[Numpy-discussion] logical_and operator, &&, is missing?

Eric Firing efiring at hawaii.edu
Sat Jun 24 15:57:19 CDT 2006

```Robert Kern wrote:
> Eric Firing wrote:
>
>>Robert Kern wrote:
>>
>>>Eric Firing wrote:
>>>
>>>
>>>>It seems that the logical operators || and &&, corresponding to
>>>>logical_or and logical_and are missing; one can do
>>>>
>>>>z = logical_and(x,y)
>>>>
>>>>but not
>>>>
>>>>z = x && y
>>>>
>>>>Is there an inherent reason, or is this a bug?
>>>
>>>Python does not have a && operator. It has an "and" keyword, but that cannot be
>>>overridden. If you know x and y to be boolean arrays, & and | work fine.
>>
>>Out of curiosity, is there a simple explanation as to why "and" cannot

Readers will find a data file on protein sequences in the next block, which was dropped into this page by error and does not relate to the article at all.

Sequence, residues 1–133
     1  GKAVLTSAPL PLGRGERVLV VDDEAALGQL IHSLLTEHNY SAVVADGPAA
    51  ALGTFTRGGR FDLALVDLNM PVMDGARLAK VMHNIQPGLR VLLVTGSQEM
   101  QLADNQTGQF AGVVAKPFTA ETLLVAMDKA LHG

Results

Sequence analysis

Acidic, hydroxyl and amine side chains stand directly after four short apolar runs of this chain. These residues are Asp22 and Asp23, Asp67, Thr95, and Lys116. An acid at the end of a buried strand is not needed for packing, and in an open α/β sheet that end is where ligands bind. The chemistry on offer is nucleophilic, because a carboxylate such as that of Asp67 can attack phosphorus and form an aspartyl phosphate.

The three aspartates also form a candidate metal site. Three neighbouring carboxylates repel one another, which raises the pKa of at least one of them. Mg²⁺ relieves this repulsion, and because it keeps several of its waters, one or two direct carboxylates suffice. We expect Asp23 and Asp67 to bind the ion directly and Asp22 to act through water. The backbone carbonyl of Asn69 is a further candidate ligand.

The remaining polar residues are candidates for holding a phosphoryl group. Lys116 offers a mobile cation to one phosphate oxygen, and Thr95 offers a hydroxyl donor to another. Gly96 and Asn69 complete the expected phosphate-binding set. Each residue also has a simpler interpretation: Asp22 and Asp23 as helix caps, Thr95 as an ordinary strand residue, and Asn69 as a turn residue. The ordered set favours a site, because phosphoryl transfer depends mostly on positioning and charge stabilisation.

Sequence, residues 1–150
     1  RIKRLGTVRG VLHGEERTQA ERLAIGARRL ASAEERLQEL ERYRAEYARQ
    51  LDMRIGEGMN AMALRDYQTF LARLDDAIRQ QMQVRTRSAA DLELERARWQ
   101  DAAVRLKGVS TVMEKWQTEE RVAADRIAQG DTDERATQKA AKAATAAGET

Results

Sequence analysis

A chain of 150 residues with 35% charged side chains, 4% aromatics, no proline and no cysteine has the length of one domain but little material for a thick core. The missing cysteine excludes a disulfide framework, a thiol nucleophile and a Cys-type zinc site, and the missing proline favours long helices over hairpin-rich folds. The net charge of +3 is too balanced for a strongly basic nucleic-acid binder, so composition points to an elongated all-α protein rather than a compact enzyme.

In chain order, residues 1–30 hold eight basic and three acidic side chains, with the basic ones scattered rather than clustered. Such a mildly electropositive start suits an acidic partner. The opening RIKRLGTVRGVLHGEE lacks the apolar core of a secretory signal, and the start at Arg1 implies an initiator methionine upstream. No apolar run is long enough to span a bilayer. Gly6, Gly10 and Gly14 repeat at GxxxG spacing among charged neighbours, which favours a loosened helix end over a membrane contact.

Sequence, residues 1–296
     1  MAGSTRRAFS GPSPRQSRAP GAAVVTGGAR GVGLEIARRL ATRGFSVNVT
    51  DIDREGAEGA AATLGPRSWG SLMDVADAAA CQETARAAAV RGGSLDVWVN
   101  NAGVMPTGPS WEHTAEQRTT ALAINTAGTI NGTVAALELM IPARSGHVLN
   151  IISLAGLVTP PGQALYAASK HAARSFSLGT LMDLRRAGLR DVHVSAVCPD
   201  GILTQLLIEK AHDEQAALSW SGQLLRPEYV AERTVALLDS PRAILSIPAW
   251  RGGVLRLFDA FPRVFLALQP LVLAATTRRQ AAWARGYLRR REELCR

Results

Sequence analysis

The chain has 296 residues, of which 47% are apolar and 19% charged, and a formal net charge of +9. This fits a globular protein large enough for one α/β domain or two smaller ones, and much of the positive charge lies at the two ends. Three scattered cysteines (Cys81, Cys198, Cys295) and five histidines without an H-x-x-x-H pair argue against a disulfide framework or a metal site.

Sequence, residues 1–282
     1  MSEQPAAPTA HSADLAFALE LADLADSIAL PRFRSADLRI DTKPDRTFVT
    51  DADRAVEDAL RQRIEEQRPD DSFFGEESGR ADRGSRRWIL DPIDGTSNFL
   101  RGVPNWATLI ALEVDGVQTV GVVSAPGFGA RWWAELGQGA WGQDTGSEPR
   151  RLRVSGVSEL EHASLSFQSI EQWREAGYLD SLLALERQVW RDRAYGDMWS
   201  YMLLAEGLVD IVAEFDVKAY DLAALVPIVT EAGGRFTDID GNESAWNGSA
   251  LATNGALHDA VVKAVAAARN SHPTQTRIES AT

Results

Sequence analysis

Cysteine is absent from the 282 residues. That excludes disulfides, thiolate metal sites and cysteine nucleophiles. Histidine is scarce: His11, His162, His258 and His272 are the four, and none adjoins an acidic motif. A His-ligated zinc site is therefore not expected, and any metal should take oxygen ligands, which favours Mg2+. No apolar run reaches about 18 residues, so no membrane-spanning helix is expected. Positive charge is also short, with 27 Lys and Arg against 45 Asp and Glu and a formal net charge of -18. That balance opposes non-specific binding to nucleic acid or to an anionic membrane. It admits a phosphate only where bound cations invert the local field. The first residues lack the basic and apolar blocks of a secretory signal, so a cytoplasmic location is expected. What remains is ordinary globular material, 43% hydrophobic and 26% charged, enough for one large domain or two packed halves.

>>be overridden but operators like "&" can?  Is it a fundamental
>>distinction between operators and keywords?
>
>
> Sort of. "and" and "or" short-circuit, that is they stop evaluating as soon as
> the right value to return is unambiguous.
>
> In [1]: def f():
>     ...:     print "Shouldn't be here."
>     ...:
>     ...:
>
> In [2]: False and f()
> Out[2]: False
>
> In [3]: True or f()
> Out[3]: True
>
> Consequently, they must yield True and False only.

That makes sense, and implies that the real solution would be the
introduction of operators && and || into Python, or a facility that
would allow extensions to add operators.  I guess it would be a matter
of having hooks into the parser.  I have no idea whether either of these
is a reasonable goal--but it certainly would be a big plus for Numpy.

Eric

```